That’s right. I am using this blog to talk about washing machines. In fact, charting the pros and cons of each venue’s laundry facilities, in a ‘higher or lower?’-style (mostly humourless) game, became a serious and well-worn topic of conversation over tea and Hobnobs. And you would be surprised which theatres did not come out on top when judged by this all-important yardstick.

But this is not a gossip column. Rather more a cross between a psychological profile and a how-to guide. The key criteria you will need to conduct just such a thorough comparative investigation yourself are as follows:

  1. Number of washers/dryers. It’s all about multi-tasking. When a theatre boasts more than one of each, it is truly a rare bonus to be cherished whenever and wherever possible.
  2. Top loader or front loader? We all prefer a top loader, if we’re being painfully honest. Allowing for the classic ‘tip and run’ manoeuvre.
  3. Speed of wash. Jobs in theatre, like most legitimate ways of making money, revolve around deadlines. In addition, we like to set ourselves little (sometimes unnecessary) challenges. Is it possible to get all of that blood out on the fastest wash cycle in the time it takes to pack the props? Good golly, who can tell?!
  4. General ‘industrial-ness’ of facilities. If it looks like you would not find it in your aunt’s utility room, it must be good. An industrial sized dryer will bring a wry smile to any costume ASM’s world-weary face.
  5. Distance from stage. What obstacle course may face you in your attempt to transfer your bag/wardrobe pan/basket from truck to wash is certainly part of the venue assessment process. Several hundred flights of stairs? A lift that’s kept under lock and key with a criminal record for holding people hostage? Door frames that should allow enough clearance… but don’t. It’s all part of the game!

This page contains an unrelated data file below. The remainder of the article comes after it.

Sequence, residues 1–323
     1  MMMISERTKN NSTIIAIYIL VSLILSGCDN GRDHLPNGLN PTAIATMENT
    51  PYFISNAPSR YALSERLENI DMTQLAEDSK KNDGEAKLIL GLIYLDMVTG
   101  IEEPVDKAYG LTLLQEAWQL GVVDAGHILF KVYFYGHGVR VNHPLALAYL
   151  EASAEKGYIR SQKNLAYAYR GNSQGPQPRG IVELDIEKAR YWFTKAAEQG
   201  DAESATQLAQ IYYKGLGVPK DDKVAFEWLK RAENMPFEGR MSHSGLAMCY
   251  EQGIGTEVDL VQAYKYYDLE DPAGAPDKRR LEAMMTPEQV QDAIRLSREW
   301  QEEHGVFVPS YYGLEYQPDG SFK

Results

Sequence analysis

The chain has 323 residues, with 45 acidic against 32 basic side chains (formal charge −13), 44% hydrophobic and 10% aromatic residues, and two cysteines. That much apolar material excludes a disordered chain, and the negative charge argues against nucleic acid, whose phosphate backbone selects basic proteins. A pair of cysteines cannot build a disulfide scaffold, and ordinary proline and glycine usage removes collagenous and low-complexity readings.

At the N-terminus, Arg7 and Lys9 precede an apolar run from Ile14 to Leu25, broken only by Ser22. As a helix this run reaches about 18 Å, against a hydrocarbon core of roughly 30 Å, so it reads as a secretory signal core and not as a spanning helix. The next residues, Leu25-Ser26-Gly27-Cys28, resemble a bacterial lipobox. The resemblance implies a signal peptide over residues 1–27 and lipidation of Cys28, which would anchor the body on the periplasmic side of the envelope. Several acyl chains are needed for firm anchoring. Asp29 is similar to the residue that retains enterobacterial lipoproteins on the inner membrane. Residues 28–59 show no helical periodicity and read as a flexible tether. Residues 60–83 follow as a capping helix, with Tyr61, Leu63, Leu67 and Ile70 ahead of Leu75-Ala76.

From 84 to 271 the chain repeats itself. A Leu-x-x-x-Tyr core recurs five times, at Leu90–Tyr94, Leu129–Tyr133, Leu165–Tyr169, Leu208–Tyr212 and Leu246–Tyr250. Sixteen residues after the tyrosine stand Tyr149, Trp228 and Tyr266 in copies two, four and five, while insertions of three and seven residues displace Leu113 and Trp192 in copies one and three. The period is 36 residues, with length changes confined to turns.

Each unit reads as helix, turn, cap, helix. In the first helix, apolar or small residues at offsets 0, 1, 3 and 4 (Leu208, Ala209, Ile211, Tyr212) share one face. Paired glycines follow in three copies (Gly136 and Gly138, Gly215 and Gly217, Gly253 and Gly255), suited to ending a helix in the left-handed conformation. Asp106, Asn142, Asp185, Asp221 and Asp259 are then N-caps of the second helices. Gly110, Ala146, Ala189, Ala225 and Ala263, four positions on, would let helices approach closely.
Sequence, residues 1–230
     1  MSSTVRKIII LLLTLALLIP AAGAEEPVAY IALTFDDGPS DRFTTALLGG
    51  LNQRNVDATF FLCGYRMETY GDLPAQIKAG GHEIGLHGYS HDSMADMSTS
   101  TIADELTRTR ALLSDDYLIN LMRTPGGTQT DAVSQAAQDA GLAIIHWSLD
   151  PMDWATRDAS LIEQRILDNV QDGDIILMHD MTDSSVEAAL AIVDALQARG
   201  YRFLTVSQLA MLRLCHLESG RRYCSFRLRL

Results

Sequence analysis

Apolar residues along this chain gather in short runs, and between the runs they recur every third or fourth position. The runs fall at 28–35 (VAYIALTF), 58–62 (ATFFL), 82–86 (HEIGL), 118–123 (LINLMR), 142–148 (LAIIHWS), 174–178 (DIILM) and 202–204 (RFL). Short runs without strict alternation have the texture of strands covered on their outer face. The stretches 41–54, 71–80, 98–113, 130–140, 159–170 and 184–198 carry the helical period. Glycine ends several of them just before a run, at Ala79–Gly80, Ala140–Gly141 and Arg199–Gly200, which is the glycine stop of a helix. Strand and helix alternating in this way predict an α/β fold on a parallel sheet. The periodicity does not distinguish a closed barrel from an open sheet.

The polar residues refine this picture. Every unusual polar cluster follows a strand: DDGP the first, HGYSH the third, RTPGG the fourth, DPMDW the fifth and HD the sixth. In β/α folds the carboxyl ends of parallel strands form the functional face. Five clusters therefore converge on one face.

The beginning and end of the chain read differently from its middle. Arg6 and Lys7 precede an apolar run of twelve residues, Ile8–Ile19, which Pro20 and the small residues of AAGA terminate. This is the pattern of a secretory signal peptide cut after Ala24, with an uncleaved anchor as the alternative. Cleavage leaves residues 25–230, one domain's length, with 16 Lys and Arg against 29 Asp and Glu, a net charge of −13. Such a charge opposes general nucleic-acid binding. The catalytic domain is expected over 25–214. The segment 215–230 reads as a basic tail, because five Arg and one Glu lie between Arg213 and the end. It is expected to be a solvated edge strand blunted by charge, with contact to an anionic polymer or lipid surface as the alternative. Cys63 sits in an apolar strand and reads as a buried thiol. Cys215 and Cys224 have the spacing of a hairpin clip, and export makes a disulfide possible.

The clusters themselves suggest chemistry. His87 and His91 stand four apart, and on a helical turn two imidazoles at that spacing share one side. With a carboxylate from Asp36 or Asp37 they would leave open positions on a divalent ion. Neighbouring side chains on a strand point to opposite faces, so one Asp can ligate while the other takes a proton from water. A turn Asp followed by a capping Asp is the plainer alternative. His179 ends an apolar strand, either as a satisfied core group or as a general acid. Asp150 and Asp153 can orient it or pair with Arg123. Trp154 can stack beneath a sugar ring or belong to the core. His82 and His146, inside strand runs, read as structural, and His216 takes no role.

6. Sundry items. For example, what luxurious and/or intriguing half-used laundry products or toiletries are lying around in the running wardrobe? “Oooh! Ariel Bio with actilift! … I didn’t even know they made Lynx shower gell?! … I’ve never smelt that brand of spray starch before…”

The darker days were those when the washing machine was not up to scratch, tragically unable to complete its cycle in time to get those lights and darks onto the truck before closing up. Or perhaps when an irritatingly nonchalant ‘out of order’ post-it clung stupidly to a singular tumble dryer.

But when the laundry facilities impressed, well that really shed a positive light on the theatre as a whole. So what if there weren’t any seats in the pregnant singer’s dressing room? So what if I had to operate surtitles sitting in a draft on a cold, angular flight case. Who cares?! They had TWO washing machines, TWO tumble dryers, an iron, and an ironing board!!!

In case you hadn’t already surmised as much, I suppose what I am really getting at by focussing in on this sad inner monologue is just how completely insane touring can make you. How it is possible for the most banal issues to become lodged at the forefront of one’s mind. And this strange fascination for the running wardrobe is just one, infinitesimal example. Who knows what peculiar, cable-based, obsessional thoughts are tearing apart your over-worked TSM? And we all know the mental breakdowns held at bay simply by finding your DSM an appropriate show-calling pedestal.

All sarcasm aside, of course this message about laundry facilities was one of a very long list (some of which I may chronicle at a later stage) of absorbed insights and just a small dribble in my growing pool of theatre experience. Perhaps more accurately, this is a reflection on the advantages, the quirks, and the challenges that differ every time a touring company enters its new place of work. And, of course, we embrace them, because that’s what makes our job ‘interesting’!